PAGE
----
Common Descriptive Analytics for Security Data 1: Summary Statistics

Most of security metrics we introduced in previous units are raw data or simple observations.
In order to fit them for decision making dashboards and triggering actions, they need to be contextualized, processed, fused with other relevant data and analyzed.
Here is a set of common descriptive analytics methods for security data.

  • Grouping and aggregation through summary statistics, e.g. average, median,
    standard deviation
  • Time series analysis
  • Cross-sectional analysis
  • Quartile analysis
  • Correlation matrices.

We will describe core concepts of each method, what they mean and how they are constructed.
The techniques themselves are generic and not specific to security.
In addition, we will provide some guidance in the form of use cases and example data sets.

In descriptive analytics, summary statistics are used to summarize, group or aggregate a set of observations, in order to communicate the largest amount
of information as simply as possible.
The arithmetic mean serves as a standard aggregation technique.
It is the sum of a collection of numbers divided by the number of numbers in the collection.
While the arithmetic mean is often used to report “central tendencies” (or in other words to characterize what is “typical”), it is not a robust statistic,
meaning that it is greatly influenced by outliers (values that are very much larger
or smaller than most of the values).
In many cases, the “typical” might have been better off using the median rather
than the arithmetic mean”.
The media of a data set is the number that separates the top 50% of elements
from the bottom, when sorted in order.
In order words, a data set’s median indicates the point where half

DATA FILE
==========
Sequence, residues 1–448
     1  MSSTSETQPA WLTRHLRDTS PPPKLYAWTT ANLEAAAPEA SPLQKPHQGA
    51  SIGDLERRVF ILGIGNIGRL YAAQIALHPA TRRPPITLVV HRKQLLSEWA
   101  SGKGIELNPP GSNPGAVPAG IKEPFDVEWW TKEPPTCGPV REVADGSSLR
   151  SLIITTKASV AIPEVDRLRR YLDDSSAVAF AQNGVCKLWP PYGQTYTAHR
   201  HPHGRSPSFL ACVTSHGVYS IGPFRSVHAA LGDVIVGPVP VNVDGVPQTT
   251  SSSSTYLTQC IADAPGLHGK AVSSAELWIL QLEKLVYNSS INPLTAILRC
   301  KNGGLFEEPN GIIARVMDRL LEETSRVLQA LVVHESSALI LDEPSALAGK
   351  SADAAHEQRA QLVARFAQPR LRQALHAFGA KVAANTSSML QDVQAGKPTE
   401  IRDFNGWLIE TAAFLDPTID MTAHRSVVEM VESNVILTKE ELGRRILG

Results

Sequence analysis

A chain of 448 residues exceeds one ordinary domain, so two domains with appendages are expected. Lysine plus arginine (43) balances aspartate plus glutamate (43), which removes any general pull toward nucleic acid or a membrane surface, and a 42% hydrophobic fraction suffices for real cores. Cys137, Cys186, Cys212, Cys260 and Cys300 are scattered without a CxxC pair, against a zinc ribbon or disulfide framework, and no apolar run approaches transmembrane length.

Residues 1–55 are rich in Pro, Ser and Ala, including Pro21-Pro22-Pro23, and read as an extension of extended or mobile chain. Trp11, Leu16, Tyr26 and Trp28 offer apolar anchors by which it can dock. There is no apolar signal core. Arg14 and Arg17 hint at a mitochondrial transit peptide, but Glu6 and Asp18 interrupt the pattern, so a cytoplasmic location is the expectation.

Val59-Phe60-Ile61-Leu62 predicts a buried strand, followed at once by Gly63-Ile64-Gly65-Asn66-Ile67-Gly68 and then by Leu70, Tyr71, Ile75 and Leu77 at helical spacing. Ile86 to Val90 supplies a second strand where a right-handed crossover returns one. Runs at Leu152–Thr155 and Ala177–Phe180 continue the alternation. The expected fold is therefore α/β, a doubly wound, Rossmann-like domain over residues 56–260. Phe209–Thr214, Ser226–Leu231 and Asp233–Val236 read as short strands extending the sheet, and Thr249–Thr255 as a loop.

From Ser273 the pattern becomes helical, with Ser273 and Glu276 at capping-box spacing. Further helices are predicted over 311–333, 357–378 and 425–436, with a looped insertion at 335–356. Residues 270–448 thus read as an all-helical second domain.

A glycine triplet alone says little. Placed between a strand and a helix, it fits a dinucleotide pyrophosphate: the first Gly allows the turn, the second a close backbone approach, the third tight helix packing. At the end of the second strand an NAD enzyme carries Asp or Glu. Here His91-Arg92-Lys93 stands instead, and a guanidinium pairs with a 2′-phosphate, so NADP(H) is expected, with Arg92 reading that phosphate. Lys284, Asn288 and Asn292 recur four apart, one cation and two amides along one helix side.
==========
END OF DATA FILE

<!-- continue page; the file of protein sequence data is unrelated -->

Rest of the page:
of the elements lie above it and half below.
Like the arithmetic mean, medians help aggregate data sets into smaller sets by summarizing a range of records.
However, medians offer more insight for understanding the 80/20 rule
for performance related data, particularly if outliers present.
For example, consider a password-auditing tool that determines the number of seconds needed to crack user account credentials.
If the mean time to crack 1000 passwords was 1344 seconds, but the median is 822,
that would tent to suggest that outliers might have distorted the average
and therefore painted a rosier picture.
In short, medians offer some significant advantages over means,
particularly with respect to measuring performance.
Variance and standard deviation are also summary statistics Variance –
The average of the squared differences from the mean.
Standard Deviation (represented as “sigma”) – It is a measure of how spread out numbers are.
– It is the square root of the variance.
These summary statistics can be easily calculated in Excel,
R or Python using shortcut function or statistics library. The box plot (or box and whisker diagram) is a standardized way of displaying the data distribution based on the five number summary: minimum, lower quartile, median, upper quartile, and maximum.
In the simplest box plot the central rectangle spans the lower quartile
to the upper quartile (the interquartile range or IQR).
A segment inside the rectangle shows the median and “whiskers” above and below the box show the locations of the minimum and maximum.
This simplest possible box plot displays the full range of variation (from min to max), the likely range of variation (the IQR), and a typical value (the median).
Not commonly real datasets will display surprisingly high maximums or surprisingly low minimums called outliers.

Reference: Tong Sun,
Adjunct Professor of Computing Security
Rochester Institute of Technology

Author: McPeters Joseph

Joseph McPeters is a Security Researcher. He specializes in network and web application penetration testing. Contact: admin@incidentsecurity.com

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